Signing a PDF

Have you ever signed for something electronically, such as a parcel?
Signing a PDF is quite similar. There are a few ways to sign a PDF in Adobe Reader and in this blog we'll have a quick look at them, including how you could use a webcam to sign a document!

Type your signature

As the name suggests, you simply type your name and Adobe Reader will write it in a handrwitten-style font. Simple.

Draw my Signature

This one can be a little tricky with a mouse but is perfect for a tablet PC. Simply draw your signature as if it were on paper.

Use an Image

If you find yourself signing PDFs often, you may chose to have a premade image of your signature that you can simply drag onto the PDF and drop where needed.

Use a Certificate

Digital certificates are like an electronic fingerprint, marking a document as read and acknowledged. Commonly used for businesses sending PDFs via email.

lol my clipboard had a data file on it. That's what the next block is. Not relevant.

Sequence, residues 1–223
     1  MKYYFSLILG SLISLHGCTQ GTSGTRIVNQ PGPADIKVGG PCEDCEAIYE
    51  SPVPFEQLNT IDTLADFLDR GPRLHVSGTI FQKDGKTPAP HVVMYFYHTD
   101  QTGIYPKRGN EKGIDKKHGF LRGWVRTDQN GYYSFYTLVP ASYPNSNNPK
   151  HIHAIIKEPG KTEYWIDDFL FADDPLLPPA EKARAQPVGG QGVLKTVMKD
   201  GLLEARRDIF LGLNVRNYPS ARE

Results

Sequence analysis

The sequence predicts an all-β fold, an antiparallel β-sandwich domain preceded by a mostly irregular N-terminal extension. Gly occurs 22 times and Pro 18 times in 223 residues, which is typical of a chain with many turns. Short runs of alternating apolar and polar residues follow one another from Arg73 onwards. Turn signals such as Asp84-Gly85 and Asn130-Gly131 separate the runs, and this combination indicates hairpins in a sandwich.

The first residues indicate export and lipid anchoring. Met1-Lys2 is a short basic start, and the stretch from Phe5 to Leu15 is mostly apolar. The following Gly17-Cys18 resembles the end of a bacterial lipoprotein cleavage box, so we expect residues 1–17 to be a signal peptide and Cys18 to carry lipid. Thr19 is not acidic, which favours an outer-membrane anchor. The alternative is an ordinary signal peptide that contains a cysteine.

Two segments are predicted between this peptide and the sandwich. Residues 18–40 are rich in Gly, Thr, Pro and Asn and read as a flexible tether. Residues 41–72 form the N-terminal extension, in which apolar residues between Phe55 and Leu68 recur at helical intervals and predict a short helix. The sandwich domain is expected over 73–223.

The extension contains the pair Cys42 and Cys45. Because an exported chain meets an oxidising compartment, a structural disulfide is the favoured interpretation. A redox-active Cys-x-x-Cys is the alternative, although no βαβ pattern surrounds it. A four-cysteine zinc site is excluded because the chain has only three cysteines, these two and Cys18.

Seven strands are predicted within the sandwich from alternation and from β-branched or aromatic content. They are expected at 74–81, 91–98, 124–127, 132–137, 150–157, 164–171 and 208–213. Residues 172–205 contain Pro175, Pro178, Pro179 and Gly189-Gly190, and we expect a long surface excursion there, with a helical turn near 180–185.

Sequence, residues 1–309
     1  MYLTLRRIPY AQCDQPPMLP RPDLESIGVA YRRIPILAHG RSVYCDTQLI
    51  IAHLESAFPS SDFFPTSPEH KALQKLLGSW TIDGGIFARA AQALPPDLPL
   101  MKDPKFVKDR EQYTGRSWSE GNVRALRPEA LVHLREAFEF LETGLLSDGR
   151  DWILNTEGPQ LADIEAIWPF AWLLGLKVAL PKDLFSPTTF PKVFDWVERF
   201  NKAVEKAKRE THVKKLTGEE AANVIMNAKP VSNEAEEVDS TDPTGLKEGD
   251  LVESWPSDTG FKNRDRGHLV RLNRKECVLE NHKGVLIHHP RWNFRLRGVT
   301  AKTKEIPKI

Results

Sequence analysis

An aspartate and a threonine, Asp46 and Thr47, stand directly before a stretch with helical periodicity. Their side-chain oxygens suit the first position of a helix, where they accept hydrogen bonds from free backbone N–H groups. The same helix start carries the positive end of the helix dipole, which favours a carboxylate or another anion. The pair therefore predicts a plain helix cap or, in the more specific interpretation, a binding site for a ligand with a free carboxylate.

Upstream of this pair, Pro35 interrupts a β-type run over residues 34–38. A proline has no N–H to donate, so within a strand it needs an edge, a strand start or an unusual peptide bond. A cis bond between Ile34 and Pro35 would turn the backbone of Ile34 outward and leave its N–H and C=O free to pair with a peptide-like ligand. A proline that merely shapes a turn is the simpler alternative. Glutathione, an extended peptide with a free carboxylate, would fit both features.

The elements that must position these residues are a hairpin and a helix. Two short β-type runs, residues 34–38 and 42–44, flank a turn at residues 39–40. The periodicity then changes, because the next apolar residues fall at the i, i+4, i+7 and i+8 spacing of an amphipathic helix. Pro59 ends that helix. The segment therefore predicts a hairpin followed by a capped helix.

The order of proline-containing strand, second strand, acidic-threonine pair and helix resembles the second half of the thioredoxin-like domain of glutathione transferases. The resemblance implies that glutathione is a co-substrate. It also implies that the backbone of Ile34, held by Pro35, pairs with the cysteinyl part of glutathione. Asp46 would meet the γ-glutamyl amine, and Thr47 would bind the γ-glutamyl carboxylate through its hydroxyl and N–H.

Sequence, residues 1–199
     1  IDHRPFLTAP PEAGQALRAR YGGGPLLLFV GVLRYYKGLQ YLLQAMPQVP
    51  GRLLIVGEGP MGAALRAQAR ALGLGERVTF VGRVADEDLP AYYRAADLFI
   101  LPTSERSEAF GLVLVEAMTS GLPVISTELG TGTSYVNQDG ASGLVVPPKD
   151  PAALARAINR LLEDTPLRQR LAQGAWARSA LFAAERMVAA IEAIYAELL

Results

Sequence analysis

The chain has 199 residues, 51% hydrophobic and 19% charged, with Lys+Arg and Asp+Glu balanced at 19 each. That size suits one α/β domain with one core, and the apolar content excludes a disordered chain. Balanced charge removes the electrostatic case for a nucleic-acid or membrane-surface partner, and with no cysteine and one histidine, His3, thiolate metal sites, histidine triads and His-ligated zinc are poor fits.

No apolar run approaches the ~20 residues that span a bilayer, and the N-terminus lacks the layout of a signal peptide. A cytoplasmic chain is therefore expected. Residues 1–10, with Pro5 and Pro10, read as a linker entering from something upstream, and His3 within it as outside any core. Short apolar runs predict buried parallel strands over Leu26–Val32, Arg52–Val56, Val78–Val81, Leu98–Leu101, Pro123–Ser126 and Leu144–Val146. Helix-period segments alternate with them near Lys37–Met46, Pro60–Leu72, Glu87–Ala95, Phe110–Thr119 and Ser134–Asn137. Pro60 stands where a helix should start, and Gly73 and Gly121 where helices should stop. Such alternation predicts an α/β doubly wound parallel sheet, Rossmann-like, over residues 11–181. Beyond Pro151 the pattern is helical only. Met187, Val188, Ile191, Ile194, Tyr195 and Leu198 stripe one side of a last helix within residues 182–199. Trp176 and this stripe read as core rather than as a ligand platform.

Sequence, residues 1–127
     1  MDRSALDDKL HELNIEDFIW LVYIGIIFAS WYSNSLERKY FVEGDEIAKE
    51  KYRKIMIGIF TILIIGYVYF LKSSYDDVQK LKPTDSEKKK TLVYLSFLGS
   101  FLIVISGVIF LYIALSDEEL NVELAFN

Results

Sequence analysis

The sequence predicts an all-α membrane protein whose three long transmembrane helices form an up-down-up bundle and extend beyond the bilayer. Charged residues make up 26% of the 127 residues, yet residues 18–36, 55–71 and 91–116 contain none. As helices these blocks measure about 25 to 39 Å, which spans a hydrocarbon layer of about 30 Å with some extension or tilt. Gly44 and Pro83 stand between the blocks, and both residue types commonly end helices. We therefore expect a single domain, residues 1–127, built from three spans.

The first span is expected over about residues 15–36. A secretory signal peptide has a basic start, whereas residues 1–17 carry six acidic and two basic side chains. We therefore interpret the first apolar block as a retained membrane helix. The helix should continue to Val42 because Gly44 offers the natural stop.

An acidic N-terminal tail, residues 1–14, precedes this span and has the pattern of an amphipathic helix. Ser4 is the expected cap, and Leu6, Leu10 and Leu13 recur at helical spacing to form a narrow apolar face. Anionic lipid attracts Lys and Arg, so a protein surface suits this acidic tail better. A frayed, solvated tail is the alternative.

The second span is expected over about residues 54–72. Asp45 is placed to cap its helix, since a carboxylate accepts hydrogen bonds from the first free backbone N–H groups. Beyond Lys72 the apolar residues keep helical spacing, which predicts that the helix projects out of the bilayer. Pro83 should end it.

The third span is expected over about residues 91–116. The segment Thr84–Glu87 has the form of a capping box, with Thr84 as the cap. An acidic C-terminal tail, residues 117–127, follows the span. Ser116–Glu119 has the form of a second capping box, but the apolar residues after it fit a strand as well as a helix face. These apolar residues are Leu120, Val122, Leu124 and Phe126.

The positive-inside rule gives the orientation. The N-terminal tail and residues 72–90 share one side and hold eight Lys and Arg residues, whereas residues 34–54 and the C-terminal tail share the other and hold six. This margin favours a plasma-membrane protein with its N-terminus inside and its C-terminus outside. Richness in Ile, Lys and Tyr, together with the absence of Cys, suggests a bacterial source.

These are fairly common methods of signing a PDF, but have you ever signed something with your webcam? Probably not.

Use your Webcam

Adobe Reader has quite a nifty little feature that allows you to sign a PDF with your proper signature even if you don't have a tablet or premade image. It's easy to use, too!

 

  1. Fire up Adobe Reader and open the PDF document you want to sign.
  2. From the menu bar, choose View > Sign, which opens the Sign panel on the right of the window.
    Click Place Signature.
  3. In the window that opens, select Use a webcam and click Start Webcam in the video preview area.
  4. Hold your signature up to your camera and line it up with the blue line in the preview area.
    When it looks right to you, click Accept.
  5. Click to place your newly scanned signature into the document.
    Use the handles to resize the signature and adjust its position as necessary.

 

To sign documents in the future, just click the Place Signature button again to sign with your scanned signature.

Learn More

To learn about our PDF solutions, contact your Online Business eSystems account manager, call 08 9091 4544 or send an email to the PDS (Professional Document Solutions) department.

To read the full article from Adobe, go here